Joining the Navy may have been best decision Lemoore's 'interim' city manager ever made

By Ed Martin, Editor
Lemoore 'Interim" City Manager Nathan Olson in his Cinnamon Complex office recently preparing for another meeting.
Lemoore 'Interim" City Manager Nathan Olson in his Cinnamon Complex office recently preparing for another meeting.

What does a 17-year-old kid from Racine, Wisconsin do to escape the difficulties of growing up surrounded by friends with negative influences, acquaintances that could have led him on an unfortunate journey to the dark side of life?

Nathan Olson needed to shed himself of negative influences, and the “friends” he associated with who could very well have led him astray. “I thought it was a good way to get away and change things,” he remembered while sitting in the city manager’s office at the Cinnamon Complex where he currently serves as the city’s top official.

“I did not associate with good people,” he recalled.

So, at the tender age of 17, when high school kids should be preparing for the prom and high school finals, Olson joined the United States Navy. His mother, a Racine homemaker and who worked at the local Piggly Wiggly, signed the papers needed for a 17-year-old to enlist.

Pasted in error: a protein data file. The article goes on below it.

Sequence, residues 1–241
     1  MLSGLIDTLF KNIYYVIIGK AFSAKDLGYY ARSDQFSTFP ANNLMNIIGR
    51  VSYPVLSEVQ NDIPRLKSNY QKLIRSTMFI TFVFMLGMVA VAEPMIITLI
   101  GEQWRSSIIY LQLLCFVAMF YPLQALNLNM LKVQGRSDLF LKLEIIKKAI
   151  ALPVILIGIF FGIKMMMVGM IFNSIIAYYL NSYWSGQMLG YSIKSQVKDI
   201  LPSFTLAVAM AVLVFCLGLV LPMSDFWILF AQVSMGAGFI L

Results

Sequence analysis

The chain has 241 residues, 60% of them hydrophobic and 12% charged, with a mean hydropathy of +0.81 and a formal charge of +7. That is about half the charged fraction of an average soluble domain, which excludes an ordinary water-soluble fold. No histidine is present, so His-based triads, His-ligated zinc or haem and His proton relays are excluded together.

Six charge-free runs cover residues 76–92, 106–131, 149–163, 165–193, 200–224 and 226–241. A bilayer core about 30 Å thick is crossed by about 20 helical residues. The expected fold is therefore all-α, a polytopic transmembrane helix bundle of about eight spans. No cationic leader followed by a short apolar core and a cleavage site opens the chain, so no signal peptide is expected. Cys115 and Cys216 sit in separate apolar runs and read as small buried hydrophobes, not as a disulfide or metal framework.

At one point, Olson was the only 17-year-old in the Navy. “The military was for me my saving grace.”

Following basic training at Great Lakes and aviation hydraulics training in Millington, Tennessee, Olson arrived at NAS Lemoore in 1988 and joined an A-7 squadron VA 122. He’s pretty much remained in Kings County, residing in Hanford and Lemoore since coming here in 1988. 

Olson, now 46 and the interim city manager for the City of Lemoore, says he made the right choice all those years ago, and on Feb. 20 five city councilmembers will decide if he gets to remove the interim from his current title. 

Councilmembers will hold an open-session discussion at their regular council meeting Tuesday for “consideration and appointment of a permanent city manager.” Council will meet in the council chambers at 429 C Street, and public input is encouraged.

Following his departure from the Navy after four years and nine months (he also served four years on reserve duty) Olson began a career as a maintenance mechanic. He quickly moved up the chain to various management positions, including a stint as a project manager with Paramount Farms and operations manager at the Central Valley’s Odwalla Juice Plant.

He also found time to get married to wife Heather. The two are raising four children: Nathan Jr., Cameron, Christin, and Lauren. “The best decision I ever made was either staying in Lemoore or going to Guam (with the Navy). I stayed in Lemoore and met my wife.”

“When I got my degree (in business management) I turned into an operations guy,” he said. He even worked a stint as a production supervisor at Leprino’s West Plant.

While working as the operations manager for Blue Diamond in Turlock, where he managed 125 employees, Olson applied for the city’s public works job and got it, replacing longtime Lemoore Public Works Director David Wlaschin in 2015. As public works director Olson was responsible for water, storm drainage, building, and construction, refuse, engineering and sewer. He also served as a member of the city’s management team.